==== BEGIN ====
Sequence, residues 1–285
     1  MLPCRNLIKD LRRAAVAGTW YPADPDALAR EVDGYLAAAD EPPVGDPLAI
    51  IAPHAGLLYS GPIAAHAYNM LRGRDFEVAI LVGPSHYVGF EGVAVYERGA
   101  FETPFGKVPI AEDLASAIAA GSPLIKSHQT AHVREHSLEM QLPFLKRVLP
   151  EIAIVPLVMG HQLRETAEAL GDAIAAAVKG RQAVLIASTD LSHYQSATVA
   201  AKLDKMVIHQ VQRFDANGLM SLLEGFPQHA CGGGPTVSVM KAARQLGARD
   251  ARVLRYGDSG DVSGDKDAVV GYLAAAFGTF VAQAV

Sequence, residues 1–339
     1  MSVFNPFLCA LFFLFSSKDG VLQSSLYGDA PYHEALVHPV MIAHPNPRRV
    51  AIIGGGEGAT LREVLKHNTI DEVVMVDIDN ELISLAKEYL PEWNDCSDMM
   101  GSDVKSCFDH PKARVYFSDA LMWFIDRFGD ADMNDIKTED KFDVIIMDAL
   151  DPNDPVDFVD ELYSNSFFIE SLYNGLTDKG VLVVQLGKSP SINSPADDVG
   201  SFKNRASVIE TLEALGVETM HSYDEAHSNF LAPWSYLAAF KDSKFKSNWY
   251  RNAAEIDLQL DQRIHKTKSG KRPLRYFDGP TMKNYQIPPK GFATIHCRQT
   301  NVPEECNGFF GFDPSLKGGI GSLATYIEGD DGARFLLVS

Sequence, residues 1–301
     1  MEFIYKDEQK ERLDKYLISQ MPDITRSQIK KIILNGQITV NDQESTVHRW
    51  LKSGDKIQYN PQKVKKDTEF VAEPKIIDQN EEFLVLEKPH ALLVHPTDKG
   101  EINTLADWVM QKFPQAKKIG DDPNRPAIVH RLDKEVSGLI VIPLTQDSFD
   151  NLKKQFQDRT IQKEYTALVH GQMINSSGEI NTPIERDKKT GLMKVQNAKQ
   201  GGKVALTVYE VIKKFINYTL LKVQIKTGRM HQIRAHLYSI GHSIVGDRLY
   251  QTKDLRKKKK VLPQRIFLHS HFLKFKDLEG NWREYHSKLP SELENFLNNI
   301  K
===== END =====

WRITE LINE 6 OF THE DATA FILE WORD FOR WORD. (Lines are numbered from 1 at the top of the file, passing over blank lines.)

   201  AKLDKMVIHQ VQRFDANGLM SLLEGFPQHA CGGGPTVSVM KAARQLGARD